From the review: "Spelunker descends into levels via elevator. Scattered across the cave are pulleys, ropes, and stairs to bring you to high places. Jump too high off of any of these platforms, and Spelunker keels over dead. Other ways to kill Spelunker: falling into a hole, standing too close to a bomb, hitting the top of certain ceilings, being touched by a ghost... Spelunker should be a hearty cave explorer, not a 120-year-old with brittle bones. Also, three lives and you're dead, no continues, no concessions. No thanks. A distinct gaming premise ruined by poor mechanics."


Chaos beyond control. The five Muppet-driven mini games in Muppet Adventure are enough to make a grown man cry-y, particularly Grover's "Lost in Space Ride," Animal's "Crash Car Course," Kermit's "Raging River Ride," Fozzy's "The Amazing Ice Cream Maze," and Kermit's "Moon Mishaps." Wait, that's all of them? Consider my cheeks soaked! 


In Rocky and Bullwinkle, you're forced to use your special move to kill enemies – any enemies. If you run out of your special move, you absorb the enemies' hits. Can't avoid 'em, can't hit 'em, even though Bullwinkle has horns that could easily penetrate through one's solar plexus without too much trouble. Also, I loathe this game's graphics, feel, all-around existence. Go suck a lemon, Rocky, Bullwinkle, and friends.

                                                     #8 – CIRCUS CAPER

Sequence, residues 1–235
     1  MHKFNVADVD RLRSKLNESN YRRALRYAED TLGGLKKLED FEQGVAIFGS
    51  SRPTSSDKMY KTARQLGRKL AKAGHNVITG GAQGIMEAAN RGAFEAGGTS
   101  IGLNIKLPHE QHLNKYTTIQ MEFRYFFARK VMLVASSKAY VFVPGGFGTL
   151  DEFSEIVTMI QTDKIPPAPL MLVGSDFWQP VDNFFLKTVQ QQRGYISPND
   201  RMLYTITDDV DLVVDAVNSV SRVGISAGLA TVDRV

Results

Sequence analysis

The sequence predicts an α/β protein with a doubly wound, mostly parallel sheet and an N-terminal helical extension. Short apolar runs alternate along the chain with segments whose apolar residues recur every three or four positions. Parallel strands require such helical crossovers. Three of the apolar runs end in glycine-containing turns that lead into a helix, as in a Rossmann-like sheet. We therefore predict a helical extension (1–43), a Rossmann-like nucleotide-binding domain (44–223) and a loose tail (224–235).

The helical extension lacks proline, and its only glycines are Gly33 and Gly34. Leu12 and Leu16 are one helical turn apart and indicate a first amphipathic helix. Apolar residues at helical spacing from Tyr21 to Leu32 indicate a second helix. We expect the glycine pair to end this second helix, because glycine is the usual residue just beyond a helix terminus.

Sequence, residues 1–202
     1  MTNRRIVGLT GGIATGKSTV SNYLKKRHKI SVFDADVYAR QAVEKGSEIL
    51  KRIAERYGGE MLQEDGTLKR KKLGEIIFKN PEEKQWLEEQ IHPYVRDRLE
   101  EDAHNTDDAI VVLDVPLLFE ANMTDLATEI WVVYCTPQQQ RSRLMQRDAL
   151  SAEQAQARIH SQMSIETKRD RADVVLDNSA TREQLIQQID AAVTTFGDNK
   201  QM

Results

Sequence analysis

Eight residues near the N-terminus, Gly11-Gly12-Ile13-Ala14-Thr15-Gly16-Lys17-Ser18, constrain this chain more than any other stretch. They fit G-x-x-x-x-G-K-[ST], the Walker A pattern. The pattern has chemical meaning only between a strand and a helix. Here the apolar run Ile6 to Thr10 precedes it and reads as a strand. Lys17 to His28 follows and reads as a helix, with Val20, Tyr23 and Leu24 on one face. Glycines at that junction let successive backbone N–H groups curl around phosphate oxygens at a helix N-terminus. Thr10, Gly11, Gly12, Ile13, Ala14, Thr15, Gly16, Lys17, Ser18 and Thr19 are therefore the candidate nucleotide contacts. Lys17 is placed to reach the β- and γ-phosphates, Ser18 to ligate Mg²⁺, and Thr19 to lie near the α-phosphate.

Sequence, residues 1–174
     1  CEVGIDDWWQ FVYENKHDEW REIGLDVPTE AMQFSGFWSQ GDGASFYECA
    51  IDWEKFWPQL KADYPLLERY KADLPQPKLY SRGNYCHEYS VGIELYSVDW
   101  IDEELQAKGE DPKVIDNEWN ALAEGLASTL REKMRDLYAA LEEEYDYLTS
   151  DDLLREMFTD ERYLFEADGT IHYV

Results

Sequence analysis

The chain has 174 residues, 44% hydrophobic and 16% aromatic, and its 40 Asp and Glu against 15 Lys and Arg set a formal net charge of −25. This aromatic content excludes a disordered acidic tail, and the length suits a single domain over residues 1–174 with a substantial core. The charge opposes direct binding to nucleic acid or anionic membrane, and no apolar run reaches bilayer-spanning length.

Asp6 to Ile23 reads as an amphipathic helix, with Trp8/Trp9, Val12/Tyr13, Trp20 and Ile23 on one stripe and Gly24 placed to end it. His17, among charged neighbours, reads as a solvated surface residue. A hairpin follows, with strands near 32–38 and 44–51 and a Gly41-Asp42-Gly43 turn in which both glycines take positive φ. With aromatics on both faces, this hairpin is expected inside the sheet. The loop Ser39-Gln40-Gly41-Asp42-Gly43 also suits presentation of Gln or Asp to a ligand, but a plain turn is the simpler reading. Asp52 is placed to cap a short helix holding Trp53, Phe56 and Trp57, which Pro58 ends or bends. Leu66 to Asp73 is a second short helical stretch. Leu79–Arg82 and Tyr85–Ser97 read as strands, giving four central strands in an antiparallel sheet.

Circus Caper combines several things I hate into one evil-soaked platformer: circuses, clowns, knee socks and the children who wear them. Mostly, I can't handle the clunky controls, abhorrent hit detection, and the one-life-and-it's-game-over madness. When progression feels like more trouble than it's worth, it's time to abort the caper.

                                              #7 – THE LAST STARFIGHTER

From the review: "...because of the lack of things to shoot, the wonky controls, the horrible placement of your ship in the center of the screen, and the huge amounts of luck that it would take to actually beat the game (let alone progress past the first level) The Last Starfighter is less a shmup than a malevolent entity bent on causing human beings pain and suffering. And I'm not a man given to hyperbolic statements or long Faulknerian sentences."

                                             #6 – THE GREAT WALDO SEARCH

"Man, Waldo's just not trying anymore." With these words, Bart Simpson inadvertently summed up The Great Waldo Search. Waldo is almost always out in plain sight in the game's five levels. Find him and a scroll in each level and the game's over. FINAL PLAY TIME: Ten minutes. I generally agree with the adage "Quality over quantity," but when there's hardly any content to begin with, it becomes a moot point. The Great Waldo Search is a pathetic excuse of a virtual Waldo book.

                                                       #5 – HOME ALONE